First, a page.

Southwest schools get ’04-’05 budgets, and pain

Ramsey, Anthony, Anwatin and Washburn hardest hit

Minneapolis Public School principals received their 2004-05 budgets April 13, and nearly all will absorb their fourth straight year of cuts.

Few will fare worse than Southwest's Ramsey International Fine Arts magnet. At a school where students are expected to learn a string instrument from kindergarten through 6th grade, the music staff will be cut from five positions to 1.4.

"For us, it is going to be very hard to maintain a fine arts magnet next year," Ramsey Principal Steve Norlin Weaver said.

Ramsey, 1 W. 49th St., is one of four Southwest schools that will see higher-than-average budget cuts because Minneapolis no longer guarantees federal Title I aid to schools with a majority of students in poverty. The other affected schools are Anthony Middle School, 5757 Irving Ave. S.; Washburn High School, 210 W. 49th St.; and Anwatin Middle School, 256 Upton Ave. N.

These schools will lose federal dollars that usually go for teaching assistants and specialists in reading and math.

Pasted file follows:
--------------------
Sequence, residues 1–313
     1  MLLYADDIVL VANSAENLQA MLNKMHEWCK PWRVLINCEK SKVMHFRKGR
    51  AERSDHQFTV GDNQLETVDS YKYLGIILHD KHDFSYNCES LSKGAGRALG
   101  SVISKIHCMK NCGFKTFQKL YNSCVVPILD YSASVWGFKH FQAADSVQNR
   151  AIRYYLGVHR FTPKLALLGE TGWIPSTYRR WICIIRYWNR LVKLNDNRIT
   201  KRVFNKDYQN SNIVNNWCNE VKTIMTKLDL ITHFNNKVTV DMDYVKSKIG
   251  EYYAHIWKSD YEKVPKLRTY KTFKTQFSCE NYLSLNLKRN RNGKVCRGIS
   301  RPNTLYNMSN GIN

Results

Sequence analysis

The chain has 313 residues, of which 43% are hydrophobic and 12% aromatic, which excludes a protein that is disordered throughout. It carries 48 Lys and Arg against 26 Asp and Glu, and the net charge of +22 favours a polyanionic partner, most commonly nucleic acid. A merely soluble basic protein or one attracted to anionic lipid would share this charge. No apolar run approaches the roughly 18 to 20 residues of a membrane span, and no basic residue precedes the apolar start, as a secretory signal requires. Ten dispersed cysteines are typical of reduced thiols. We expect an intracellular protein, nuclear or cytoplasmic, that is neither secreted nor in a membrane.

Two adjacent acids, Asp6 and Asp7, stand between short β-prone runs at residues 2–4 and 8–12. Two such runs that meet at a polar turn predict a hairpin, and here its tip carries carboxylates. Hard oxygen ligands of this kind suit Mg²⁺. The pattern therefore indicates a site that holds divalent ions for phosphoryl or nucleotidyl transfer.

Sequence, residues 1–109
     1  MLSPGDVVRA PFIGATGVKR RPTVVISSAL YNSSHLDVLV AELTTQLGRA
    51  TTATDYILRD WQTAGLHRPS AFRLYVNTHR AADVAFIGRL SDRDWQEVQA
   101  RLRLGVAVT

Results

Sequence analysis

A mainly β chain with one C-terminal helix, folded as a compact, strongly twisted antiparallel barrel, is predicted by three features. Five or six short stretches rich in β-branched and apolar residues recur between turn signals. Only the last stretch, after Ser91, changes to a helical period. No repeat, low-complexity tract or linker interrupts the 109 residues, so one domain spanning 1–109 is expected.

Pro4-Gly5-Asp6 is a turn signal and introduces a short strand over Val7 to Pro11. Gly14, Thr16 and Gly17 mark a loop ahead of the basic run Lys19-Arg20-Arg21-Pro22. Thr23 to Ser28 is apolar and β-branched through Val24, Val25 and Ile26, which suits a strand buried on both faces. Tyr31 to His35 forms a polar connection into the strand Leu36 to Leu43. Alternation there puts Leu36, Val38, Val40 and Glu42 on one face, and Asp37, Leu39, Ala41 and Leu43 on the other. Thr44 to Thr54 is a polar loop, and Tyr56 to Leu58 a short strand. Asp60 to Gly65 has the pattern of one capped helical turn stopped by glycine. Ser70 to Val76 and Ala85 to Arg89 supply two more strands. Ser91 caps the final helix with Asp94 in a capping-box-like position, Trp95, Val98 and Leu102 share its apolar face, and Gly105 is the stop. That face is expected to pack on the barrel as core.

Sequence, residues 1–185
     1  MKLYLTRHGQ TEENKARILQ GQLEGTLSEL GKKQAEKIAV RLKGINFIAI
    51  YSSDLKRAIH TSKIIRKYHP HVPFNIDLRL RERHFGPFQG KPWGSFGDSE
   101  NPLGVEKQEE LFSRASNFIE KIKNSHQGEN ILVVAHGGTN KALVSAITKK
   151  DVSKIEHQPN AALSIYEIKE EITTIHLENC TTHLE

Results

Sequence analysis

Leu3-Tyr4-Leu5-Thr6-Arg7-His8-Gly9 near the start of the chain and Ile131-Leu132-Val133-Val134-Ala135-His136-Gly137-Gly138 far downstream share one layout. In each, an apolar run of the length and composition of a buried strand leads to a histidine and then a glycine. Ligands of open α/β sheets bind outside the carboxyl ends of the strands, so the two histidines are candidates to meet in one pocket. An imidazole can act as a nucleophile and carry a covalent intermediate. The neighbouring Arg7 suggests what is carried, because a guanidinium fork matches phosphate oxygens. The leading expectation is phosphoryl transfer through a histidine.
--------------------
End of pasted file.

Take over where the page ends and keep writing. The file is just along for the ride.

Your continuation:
Facing a $1.7 million Title I cut, the Minneapolis district raised the standard for schools to share the money. Currently, a school with 50 percent of its kids in poverty qualifies; next year, it will be 60 percent.

Ramsey, with 55.7 percent of its students in poverty, lost $318,000 from Title I. Anwatin (58.4 percent poverty rate) lost $276,320. Anthony (49.9 percent poverty rate) took a $250,159 cut. Washburn (53.3 percent poverty rate) lost $406,105.

That total came on top of cuts due to shrinking enrollment and declining state aid. Overall, Ramsey will lose $615,000 (11 percent of its budget) even though they are projected to lose just 27 students. Anwatin, projected to have 55 fewer kids, will lose $600,000, or 14 percent of its funds. Anthony, facing an estimated 52-student drop, will be cut $500,000, or 11 percent of the budget. Washburn's projected loss of 100 kids adds up to a $639,000 cut, or 9 percent of its funds.

Norlin-Weaver said the consequences go beyond Ramsey's Fine Arts focus. He foresees "fewer teaching assistants to help with reading support, fewer licensed teachers, no counselor for middle school, social work will take a hit, and gifted and talented will be eliminated."